The Consumer Privacy Bill of Rights & Do Not Track: Early Thoughts for Advertisers


On February 23rd, the White House unveiled the Consumer Privacy Bill of Rights, which seeks to give people more control over their personal data online.  The Bill of Rights is an industry-wide agreement developed by the White House, FTC, Commerce Department and Digital Advertising Alliance (DAA) (which represents over ninety percent of the U.S. online advertising industry).  The “rights” in the agreement include:

  1. Individual Control: The right to exercise control of what personal data companies collect and how that data is used 
  2. Transparency: The right to easily understandable and accessible privacy policy information
  3. Respect for Context: The right that companies will only use personal data consistent with the context in which users provide the data
  4. Security: The right to secure management of personal data
  5. Access and Accuracy: The right to access and edit personal data
  6. Focused Collection: The right to limit the collection and retention of personal data
  7. Accountability: The right that companies adhere to the Consumer Privacy Bill of Rights

The White House will encourage all stakeholders (including browser manufacturers, advertising networks and websites) to respect these rights; it will also work with Congress to enact legislation that enforces the rights. 

Do Not Track

One way that the agreement seeks to protect privacy rights is by requiring browser makers to implement an easy-to-use Do Not Track feature.  Websites and advertising networks must honor Do Not Track by not tracking users who’ve opted out of tracking via their browsers.  However, there’s still an open question as to exactly what qualifies as “tracking,” and the DAA, FTC and Commerce Department will have to work through this in the coming months.  For instance, Google has stated that Do Not Track will impact “some aspects of tailored advertising” but will not affect signed-in users who’ve requested personalization.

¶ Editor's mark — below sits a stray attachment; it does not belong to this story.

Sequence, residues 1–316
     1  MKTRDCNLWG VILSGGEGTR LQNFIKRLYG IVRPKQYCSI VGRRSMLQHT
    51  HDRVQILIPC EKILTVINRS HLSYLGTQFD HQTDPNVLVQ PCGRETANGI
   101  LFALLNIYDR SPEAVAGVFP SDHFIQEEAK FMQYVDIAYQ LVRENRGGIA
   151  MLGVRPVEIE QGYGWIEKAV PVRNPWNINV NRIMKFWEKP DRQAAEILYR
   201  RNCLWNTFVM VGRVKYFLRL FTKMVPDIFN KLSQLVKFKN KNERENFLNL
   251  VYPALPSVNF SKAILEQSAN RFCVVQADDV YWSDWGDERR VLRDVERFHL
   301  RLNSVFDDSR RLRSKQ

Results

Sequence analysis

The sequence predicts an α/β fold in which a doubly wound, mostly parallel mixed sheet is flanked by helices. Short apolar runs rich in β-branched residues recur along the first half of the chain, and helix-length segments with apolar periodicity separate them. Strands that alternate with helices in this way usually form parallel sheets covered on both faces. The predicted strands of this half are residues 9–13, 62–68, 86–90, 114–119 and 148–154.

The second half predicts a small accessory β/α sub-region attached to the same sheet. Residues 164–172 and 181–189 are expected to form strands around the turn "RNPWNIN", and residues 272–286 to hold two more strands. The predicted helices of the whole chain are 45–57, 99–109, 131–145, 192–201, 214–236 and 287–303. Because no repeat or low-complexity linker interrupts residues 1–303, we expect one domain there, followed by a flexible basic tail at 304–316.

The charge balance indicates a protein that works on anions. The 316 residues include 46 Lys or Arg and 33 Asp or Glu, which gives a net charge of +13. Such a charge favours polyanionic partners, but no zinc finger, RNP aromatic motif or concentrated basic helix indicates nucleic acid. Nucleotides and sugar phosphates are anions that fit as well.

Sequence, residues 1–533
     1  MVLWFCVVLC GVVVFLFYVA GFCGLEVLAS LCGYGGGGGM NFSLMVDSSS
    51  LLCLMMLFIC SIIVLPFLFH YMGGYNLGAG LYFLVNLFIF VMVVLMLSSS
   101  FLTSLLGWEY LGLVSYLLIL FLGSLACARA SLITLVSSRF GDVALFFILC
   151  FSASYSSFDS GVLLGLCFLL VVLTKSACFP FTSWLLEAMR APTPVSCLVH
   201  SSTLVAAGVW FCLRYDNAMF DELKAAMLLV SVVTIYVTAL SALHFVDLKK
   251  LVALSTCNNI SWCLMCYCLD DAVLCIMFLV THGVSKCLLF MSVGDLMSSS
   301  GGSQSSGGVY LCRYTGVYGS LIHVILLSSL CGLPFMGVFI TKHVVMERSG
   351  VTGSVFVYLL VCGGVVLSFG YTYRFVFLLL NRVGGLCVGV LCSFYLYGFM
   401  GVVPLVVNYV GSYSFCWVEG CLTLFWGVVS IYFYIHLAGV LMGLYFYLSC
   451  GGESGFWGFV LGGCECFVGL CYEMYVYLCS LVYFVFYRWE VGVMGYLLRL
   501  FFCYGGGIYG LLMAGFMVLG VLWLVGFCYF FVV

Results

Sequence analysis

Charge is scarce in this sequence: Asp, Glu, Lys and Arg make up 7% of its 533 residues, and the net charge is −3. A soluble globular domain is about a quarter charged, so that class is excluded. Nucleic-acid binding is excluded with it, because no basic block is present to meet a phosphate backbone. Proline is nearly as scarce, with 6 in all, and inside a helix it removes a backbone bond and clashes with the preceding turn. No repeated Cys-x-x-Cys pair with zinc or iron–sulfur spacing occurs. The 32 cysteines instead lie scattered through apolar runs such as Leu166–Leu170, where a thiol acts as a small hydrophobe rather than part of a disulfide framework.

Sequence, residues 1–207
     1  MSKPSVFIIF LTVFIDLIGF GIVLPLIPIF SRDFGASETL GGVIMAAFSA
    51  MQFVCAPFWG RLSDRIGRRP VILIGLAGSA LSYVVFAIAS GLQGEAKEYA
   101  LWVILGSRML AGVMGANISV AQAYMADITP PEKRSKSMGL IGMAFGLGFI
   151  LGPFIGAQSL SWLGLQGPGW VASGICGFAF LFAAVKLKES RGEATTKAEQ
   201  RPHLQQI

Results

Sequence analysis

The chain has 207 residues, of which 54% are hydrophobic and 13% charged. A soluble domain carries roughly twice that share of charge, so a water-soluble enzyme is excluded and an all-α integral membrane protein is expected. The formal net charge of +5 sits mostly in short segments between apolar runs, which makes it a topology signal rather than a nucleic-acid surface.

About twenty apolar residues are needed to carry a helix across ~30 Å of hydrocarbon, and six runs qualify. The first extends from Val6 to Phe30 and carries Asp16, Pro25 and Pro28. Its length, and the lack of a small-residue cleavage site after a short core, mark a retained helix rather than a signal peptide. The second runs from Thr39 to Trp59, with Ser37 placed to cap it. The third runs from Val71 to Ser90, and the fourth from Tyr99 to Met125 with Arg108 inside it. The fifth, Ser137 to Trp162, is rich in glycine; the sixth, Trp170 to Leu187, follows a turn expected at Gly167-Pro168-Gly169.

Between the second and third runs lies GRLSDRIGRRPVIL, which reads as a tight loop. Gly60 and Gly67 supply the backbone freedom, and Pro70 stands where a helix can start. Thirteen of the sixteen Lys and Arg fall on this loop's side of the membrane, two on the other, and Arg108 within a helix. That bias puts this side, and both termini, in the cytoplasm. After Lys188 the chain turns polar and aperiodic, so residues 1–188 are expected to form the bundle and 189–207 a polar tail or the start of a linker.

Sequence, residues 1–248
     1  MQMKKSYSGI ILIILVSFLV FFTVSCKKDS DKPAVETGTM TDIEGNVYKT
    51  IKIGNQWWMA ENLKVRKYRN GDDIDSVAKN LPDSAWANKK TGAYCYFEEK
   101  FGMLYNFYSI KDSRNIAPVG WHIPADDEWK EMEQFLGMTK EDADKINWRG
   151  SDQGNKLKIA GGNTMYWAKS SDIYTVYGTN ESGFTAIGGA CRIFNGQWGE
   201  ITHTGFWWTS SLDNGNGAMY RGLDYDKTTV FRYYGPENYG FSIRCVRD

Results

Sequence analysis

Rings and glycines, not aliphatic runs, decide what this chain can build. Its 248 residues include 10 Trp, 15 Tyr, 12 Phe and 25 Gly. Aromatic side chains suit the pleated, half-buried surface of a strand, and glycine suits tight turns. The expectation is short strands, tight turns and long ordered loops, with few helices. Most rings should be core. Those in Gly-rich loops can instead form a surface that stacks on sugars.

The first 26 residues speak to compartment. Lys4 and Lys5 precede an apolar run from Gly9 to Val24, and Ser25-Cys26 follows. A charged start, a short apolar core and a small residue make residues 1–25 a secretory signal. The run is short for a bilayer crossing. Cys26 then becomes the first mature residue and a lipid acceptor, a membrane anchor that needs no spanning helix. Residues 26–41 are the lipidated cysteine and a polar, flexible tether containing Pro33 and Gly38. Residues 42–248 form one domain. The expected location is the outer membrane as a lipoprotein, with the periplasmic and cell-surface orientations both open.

Although Do Not Track is very much a work in progress, advertising networks and browser manufacturers have already agreed to abide.  Google wrote that it’s “look[ing] forward to working with our industry partners, the White House, the FTC, the DAA and all the major browsers including Google Chrome, to adopt a broadly consistent approach to these controls.”  Mozilla—which already has a Do Not Track feature—commented, “As we continue to work on Do Not Track, Mozilla is firmly committed to user sovereignty and meaningful privacy choices.”

Potential  Impact for Advertisers

The Consumer Privacy Bill of Rights mirrors much of what is already in the DAA’s guidelines.  Thus, most of this isn’t new—many of these “rights” are currently being respected by ad networks, browser manufacturers and advertisers.  For instance, Google allows users to control what personal data it collects through its Ads Preferences Manager.  Additionally, many display advertising networks already have in-ad notice, which proactively tells users why an ad was served and gives them the ability to opt out.  And, as previously mentioned, browsers like Firefox already have Do Not Track.  Mozilla notes, however, that only 7% of desktop users choose to enable Do Not Track.  Of course, whether or not more people opt out of tracking will depend on exactly how the consortium (DAA, FTC and Commerce Department) defines, structures and implements Do Not Track.

At Performics, we think that the most noteworthy part of the agreement is the requirement that ad networks and advertisers be transparent about exactly what they plan to do with users’ personal data.  For example, in light of the Bill of Rights, Google may have to go beyond allowing users to control what personal data it collects; it may have to better inform users exactly how that personal data is used.  This means that ad networks and advertisers must invite users to participate, i.e. ask users their comfort levels around using their personal data in various ways.  When ad networks and advertisers haven’t been transparent about what they do with their participants’ personal data, it has backfired.  The most visible recent example of this was Target—although offline—as reported by the New York Times.  Target collected personal data like shopping habits to create a pregnancy-prediction model.  It then used that data to send expectant mothers targeted coupons and advertisements for baby-related products.  By not being transparent about how it used personal data, Target didn’t realize that it was being too intrusive for its participants’ tastes.  As best practice, advertisers should always be transparent in how they plan to use participant data to ensure that they don’t cross the line.

Over the next few months (perhaps even years), the consortium will be working to implement practices to protect privacy rights online.  The industry will then have a better idea of potential implications.  In the meantime—as always—advertisers should focus on (1) providing participants with privacy controls, (2) safeguarding personal data, and (3) being transparent.

For more thoughts on the agreement, see John Battelle’s blog post.

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